‘Bruised and battered’, Pujara stood tall — again
New Delhi, Jan 21 (IANS) While almost all the Indian fans and pundits have been drooling over the exuberance and fearless brand of cricket displayed by the likes of Rishabh Pant and Shubman Gill in India’s historic win in the fourth and final Test in Brisbane, the contribution of the new ‘Wall’ — Cheteshwar Pujara.
During the Test series for the Border-Gavaskar Trophy, Pujara faced a total of 928 balls — the fifth-most by a visiting batsman in Australia in four or fewer Tests. He scored a total of 271 runs at a strike rate of 33.88, with the help of 29 fours. Rahane was second in the list of those who faced most balls with 562 (268 runs) while Shubman Gill faced 427 and scored 259 runs. Pant, who emerged as India’s top scorer in the series, scored 274 off 392 deliveries.
During the 2018-19 series in Australia, Pujara had faced a total of 1,258 deliveries and had scored 521 runs at an average of 74.43 and a strike rate of 41.21 with the help of 50 fours and two sixes.
When India needed 324 runs to win on the final day of the fourth and final Test at the Gabba on January 19, Pujara — the second most senior batsman in the team — once again came out with a performance that somehow brought out the most telling trait of the Ajinkya Rahane-led side: resilience.
Pujara, during his 211-ball knock on Tuesday, took as many as 11 blows on his body from the Aussie quicks. However, out of these blows, only twice did he show that he was in pain. On the remaining occasions whenever he was hit on the helmet, hand, or the chest, he took a deep breath, paused to recollect his thoughts, had a look at the bowler, went back to the crease, took the guard, and moved on.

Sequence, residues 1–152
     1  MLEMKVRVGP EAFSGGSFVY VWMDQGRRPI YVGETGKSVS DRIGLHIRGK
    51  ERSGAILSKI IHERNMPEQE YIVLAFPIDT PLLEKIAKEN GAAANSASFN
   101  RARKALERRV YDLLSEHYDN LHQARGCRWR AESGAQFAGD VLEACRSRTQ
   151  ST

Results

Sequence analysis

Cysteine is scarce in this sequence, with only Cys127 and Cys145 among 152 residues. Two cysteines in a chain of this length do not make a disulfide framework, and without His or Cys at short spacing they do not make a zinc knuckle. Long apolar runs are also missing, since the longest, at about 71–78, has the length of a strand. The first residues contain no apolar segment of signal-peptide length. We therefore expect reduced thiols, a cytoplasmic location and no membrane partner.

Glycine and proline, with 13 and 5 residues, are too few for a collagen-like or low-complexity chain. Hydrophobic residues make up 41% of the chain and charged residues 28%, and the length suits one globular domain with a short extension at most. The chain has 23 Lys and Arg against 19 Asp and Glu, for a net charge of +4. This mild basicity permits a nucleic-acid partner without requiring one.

Pujara, who had faced a lot of criticism for his slow batting in the first two Tests of the series, however, never ever let the flak from former cricketers affect his mind. The Saurashtra batsman kept on batting the Pujara way — the old, textbook style of Test cricket wherein he kept on hanging out there and made sure that the batsman at the other end kept piling on runs.
While his partnership with Gill — who scored 91 in the second innings — set the platform for the win, his 61-run stand with Pant made sure Australia remained on the backfoot at ‘fortress’ Gabba.
Pujara scored his slowest Test fifty — coming off 196 balls, something which can again be criticised by many. However, it was not just the runs he scored that were of importance; it was the time he spent at the crease in tiring out the Aussie bowlers and that made the hosts’ attack, barring Pat Cummins, lose steam.
Pujara was like an insurance policy that made sure the young batsmen, like Gill and Pant, scored briskly. During his innings, the 33-year-old, was in a way, telling these young Indian batsmen what Test cricket is all about — putting price to your wicket, taking blows on your body, but not giving up. With his gutsy show Pujaratold the Pants and the Gills that they might have been gifted with the ability to play shots aggressively and at will, they would, at times, require to stay at the crease and make sure that the team not only survived but thrived, like it did in Brisbane.
“Without Cheteshwar Pujara, India would have lost 0-3 against Australia in the Test series. FACT! Don’t ever tell me batting balls for hours in Test match cricket isn’t of priority. The amount of rubbish I listen to and have listened to for how many years from reputable cricket people is just mind blowing,” said former England cricketer Nick Compton while emphasising the importance of Pujara in the Indian Test team.
While Australia might have been ‘Pantsed’, they still would be wondering how they would save themselves from getting ‘Pujarised’ when they face India next in a Test series.